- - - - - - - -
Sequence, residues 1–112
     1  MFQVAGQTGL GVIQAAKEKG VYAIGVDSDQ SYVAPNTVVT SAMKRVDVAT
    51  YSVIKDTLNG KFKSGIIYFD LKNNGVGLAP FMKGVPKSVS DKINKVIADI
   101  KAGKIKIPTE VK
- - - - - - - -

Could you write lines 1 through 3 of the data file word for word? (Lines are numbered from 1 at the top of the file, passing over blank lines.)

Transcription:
Sequence, residues 1–112
     1  MFQVAGQTGL GVIQAAKEKG VYAIGVDSDQ SYVAPNTVVT SAMKRVDVAT
    51  YSVIKDTLNG KFKSGIIYFD LKNNGVGLAP FMKGVPKSVS DKINKVIADI